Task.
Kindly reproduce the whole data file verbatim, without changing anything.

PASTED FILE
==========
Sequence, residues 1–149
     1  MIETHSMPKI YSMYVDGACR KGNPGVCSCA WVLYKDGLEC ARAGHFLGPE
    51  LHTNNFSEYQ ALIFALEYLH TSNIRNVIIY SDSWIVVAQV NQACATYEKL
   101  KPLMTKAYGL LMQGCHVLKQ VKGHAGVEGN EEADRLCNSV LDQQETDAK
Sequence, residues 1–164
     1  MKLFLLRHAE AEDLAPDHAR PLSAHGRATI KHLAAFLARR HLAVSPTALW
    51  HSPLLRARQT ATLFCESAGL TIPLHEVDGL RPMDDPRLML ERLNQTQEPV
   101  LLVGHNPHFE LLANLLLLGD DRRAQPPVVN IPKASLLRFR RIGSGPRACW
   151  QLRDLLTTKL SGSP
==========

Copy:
Sequence, residues 1–149
     1  MIETHSMPKI YSMYVDGACR KGNPGVCSCA WVLYKDGLEC ARAGHFLGPE
    51  LHTNNFSEYQ ALIFALEYLH TSNIRNVIIY SDSWIVVAQV NQACATYEKL
   101  KPLMTKAYGL LMQGCHVLKQ VKGHAGVEGN EEADRLCNSV LDQQETDAK
Sequence, residues 1–164
     1  MKLFLLRHAE AEDLAPDHAR PLSAHGRATI KHLAAFLARR HLAVSPTALW
    51  HSPLLRARQT ATLFCESAGL TIPLHEVDGL RPMDDPRLML ERLNQTQEPV
   101  LLVGHNPHFE LLANLLLLGD DRRAQPPVVN IPKASLLRFR RIGSGPRACW
   151  QLRDLLTTKL SGSP